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Comments off · Posted by Securities Lawyer in FINRA
In an article for InvestmentNews.com, on February 1st, 2012, Mark Schoeff Jr. writes that in a market defined by low interest rates, investors are searching for higher returns. But brokers better be careful how they try to deliver those results, according to their primary regulator.
In a 16 page letter posted on its website, the Financial Industry Regulatory Authority Inc., (FINRA) outlined its regulatory and examination priorities for 2012. At the top of the list: conduct and products meant to beat the market that instead are unsuitable for investors.
“FINRA is informing its examination priorities against the economic environment that investors have faced since 2008, as these circumstances have steadily contributed to conditions that foster an increased risk of aggressive yield chasing, inappropriate sales practices, unsuitable product offerings, and misappropriation and fraud,” the letter states.
“Given the low yields on Treasuries, we are concerned that investors may be inadvertently taking risks that they do not understand or that are inadequately disclosed as they chase yields,” the letter continues. Lack of liquidity and inadequate cash flow in investments also are red flags Finra is monitoring.
Shoeff writes that among the products that are on FINRA’s watch list for suitability problems: residential- and commercial-mortgage-backed securities, nontraded real estate investment trusts, municipal securities, exchange-traded funds using synthetic derivatives and significant leverage, variable annuities, structured products, private placements and life settlements.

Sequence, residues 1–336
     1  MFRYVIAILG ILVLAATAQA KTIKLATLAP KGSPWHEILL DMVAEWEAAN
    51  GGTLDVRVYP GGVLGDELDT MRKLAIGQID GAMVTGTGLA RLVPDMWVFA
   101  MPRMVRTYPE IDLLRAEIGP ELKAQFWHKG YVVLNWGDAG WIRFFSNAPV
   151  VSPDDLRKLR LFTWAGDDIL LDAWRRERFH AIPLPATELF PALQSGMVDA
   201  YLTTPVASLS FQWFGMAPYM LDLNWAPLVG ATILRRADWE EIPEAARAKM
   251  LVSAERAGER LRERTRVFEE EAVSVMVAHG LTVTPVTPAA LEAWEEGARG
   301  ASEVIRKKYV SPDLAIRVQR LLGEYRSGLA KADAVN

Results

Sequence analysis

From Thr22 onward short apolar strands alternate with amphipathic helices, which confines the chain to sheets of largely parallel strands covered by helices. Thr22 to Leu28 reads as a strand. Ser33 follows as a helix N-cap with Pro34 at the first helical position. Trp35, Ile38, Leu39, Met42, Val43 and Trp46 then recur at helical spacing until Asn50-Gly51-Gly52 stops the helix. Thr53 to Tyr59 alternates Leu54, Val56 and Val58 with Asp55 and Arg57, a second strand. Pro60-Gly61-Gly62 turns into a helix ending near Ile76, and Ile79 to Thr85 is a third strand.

FINRA said that it is undertaking a “broader data collection effort” and targeting its enforcement efforts on high-risk firms. FINRA warned brokers not to enhance their balance sheets by taking on excessive debt or manipulating their assets and liabilities.
“FINRA is concerned about the additional risks that are being taken as a result of increased leverage, including market, credit and liquidity risk,” the letter states. “We will continue to monitor firms that employ a high degree of leverage, both on-balance-sheet and off-balance-sheet during the upcoming year.”
The InvestmentNews.com article goes on to say that FINRA also is zeroing in on fees.
“We remain concerned about firms’ charging retail investors hidden, mislabeled or excessive fees,” the letter states. “In 2011, FINRA brought cases against several broker-dealers that charged such excessive fees in the form of postage and handling charges that were unrelated to actual costs, and we will continue to investigate firms that appear to be taking advantage of investors through fee schemes.”
FINRA’s guidance on social media is less explicit. It said that it “is a topic on which we continue to receive many questions from firms.” FINRA reiterated that “core regulatory requirements apply to all communications with the public, irrespective of the medium or device used to communicate. Firms must be able to appropriately supervise business communications made using personal devices.”
Schoeff writes that high-frequency trading, and oversight of the creation and redemption of exchange-traded funds, also are listed among the agency’s many priorities. FINRA oversees about 4,460 broker-dealers and enforces the suitability standard, which requires brokers to sell products that fit their clients’ investment needs, timelines and risk appetites.
Other regulators are paying attention to FINRA’s priorities as well.